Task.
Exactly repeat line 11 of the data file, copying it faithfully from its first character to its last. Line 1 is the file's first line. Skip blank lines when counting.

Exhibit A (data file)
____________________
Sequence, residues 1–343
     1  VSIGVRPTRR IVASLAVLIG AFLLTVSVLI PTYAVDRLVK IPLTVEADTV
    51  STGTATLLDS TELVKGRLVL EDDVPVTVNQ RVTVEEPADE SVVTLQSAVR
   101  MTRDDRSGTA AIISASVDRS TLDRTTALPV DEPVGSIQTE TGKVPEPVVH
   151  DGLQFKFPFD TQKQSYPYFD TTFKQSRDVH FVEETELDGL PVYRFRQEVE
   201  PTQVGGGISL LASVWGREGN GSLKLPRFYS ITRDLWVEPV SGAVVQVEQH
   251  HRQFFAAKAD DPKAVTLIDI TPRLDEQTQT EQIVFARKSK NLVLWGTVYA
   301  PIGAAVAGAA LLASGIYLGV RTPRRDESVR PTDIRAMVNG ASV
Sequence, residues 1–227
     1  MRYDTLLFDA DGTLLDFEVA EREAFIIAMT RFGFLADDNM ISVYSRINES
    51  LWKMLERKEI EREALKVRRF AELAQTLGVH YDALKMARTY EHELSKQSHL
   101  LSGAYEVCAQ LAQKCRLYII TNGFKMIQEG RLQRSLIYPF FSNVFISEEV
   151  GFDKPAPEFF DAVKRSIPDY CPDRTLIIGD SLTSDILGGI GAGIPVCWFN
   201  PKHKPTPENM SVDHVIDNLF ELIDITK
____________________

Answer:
    51  LWKMLERKEI EREALKVRRF AELAQTLGVH YDALKMARTY EHELSKQSHL